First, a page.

BC and Yukon Book Prizes Shortlist

“Darrel J. McLeod (left) is among the authors shortlisted for a BC & Yukon Book Prize this year. Read the details here.FULL STORY


Salish Sea and thee

February 28th, 2018

Howard Macdonald Stewart presents his book, Views of the Salish Sea: One Hundred and Fifty Years of Change around the Strait of Georgia (Harbour Publishing, $39.95) at UBC’s Green College Coach House on Tuesday, March 13 from 5-6:30 pm, with a reception to follow. The event is free and open to the public.

Stewart’s Views of the Salish Sea (Harbour $39.95) examines the Strait of Georgia spanning 300 kilometres from Victoria to Campbell River, supporting over 200 species of fish, 130 species of marine birds, and 16 kinds of marine mammals. Howard Macdonald Stewart of Denman Island variously describes the “Salish Sea” over a 150-year period as a highway, a barrier, a waste dump, a recreational haven and more–in effort to encourage its preservation.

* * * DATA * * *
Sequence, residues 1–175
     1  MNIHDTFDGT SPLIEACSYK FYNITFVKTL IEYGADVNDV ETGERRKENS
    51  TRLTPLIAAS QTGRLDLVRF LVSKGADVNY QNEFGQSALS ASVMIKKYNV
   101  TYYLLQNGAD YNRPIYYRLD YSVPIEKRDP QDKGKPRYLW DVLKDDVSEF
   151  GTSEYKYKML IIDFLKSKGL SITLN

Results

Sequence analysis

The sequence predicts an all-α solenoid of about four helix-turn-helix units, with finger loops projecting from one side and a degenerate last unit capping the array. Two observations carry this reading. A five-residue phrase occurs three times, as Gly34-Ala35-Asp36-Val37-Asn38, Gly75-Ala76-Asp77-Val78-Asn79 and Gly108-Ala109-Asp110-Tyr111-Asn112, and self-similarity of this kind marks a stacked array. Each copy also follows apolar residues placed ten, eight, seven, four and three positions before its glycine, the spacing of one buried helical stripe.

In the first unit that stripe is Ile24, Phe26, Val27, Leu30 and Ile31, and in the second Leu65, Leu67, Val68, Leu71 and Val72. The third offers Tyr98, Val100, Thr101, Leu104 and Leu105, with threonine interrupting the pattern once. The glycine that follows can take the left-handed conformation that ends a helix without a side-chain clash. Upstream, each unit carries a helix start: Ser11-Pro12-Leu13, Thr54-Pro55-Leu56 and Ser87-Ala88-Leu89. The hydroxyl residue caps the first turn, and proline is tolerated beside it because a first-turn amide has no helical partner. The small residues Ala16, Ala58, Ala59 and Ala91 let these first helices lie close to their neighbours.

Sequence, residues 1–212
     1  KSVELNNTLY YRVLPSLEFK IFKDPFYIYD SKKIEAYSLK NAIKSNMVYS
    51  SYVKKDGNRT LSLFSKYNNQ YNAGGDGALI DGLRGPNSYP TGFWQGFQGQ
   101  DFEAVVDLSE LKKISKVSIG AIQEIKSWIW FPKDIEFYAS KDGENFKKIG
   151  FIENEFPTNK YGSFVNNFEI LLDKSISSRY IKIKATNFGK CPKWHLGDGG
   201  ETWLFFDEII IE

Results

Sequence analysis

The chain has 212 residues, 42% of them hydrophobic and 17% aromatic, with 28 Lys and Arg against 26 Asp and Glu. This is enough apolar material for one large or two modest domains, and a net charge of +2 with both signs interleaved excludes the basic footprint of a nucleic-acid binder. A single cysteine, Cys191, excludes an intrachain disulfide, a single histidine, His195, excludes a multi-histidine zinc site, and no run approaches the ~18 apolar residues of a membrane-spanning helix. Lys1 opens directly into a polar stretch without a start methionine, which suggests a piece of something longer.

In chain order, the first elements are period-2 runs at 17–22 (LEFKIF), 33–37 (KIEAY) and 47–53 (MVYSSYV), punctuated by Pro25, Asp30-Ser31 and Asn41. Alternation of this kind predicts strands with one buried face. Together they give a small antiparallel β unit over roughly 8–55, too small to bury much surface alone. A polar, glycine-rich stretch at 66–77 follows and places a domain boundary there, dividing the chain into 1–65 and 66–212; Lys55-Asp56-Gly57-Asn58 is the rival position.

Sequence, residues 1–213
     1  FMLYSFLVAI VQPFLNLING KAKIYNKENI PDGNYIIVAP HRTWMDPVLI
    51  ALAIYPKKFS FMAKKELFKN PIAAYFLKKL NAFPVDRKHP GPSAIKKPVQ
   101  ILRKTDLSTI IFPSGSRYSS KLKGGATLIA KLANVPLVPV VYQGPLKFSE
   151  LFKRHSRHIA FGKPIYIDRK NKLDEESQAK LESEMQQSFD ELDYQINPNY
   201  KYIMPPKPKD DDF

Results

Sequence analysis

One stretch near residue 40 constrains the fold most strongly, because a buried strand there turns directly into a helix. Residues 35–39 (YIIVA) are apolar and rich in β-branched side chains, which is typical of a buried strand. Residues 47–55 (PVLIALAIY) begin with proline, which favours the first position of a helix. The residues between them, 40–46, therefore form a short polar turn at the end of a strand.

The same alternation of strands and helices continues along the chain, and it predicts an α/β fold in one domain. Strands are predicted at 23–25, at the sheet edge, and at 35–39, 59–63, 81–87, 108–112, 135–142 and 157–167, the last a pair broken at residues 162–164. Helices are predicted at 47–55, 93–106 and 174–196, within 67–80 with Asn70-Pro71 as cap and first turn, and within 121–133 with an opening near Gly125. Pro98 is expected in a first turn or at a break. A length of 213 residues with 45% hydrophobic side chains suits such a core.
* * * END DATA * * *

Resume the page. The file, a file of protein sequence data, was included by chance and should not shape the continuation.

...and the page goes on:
[Howard Macdonald Stewart’s Views of the Salish Sea: One Hundred and Fifty Years of Change around the Strait of Georgia (Harbour) appeared on the B.C. Bestseller List for six weeks between October 2017 and January 2018. It was longlisted for the George Ryga Award for Social Awareness and is finalist for the British Columbia Historical Federation’s Historical Writing Competition’s top prize, the Lieutenant Governor’s Medal for Historical Writing.]

Stewart was born and raised on the shores of the North Salish Sea and has worked for the United Nations, local and national governments, international agencies, communities, NGOs and industries around the world. This book grew out of his Ph.D thesis in geography at the University of British Columbia. “Many books have been written about individual communities and industries around this waterway,” he says, “but none have examined the region as a geographical unit with its own dynamic systems which can best be understood as an interrelated whole.” 978-1-55017-803-6

One Response to “Salish Sea and thee”

  1. Howard Macdonald Stewart says:

    I much appreciate this mention, though it overlooks the book’s discussion of the Strait as the locus for colonial dispossession and the Strait as the site of intense and mostly unsustainable “resource mining”.

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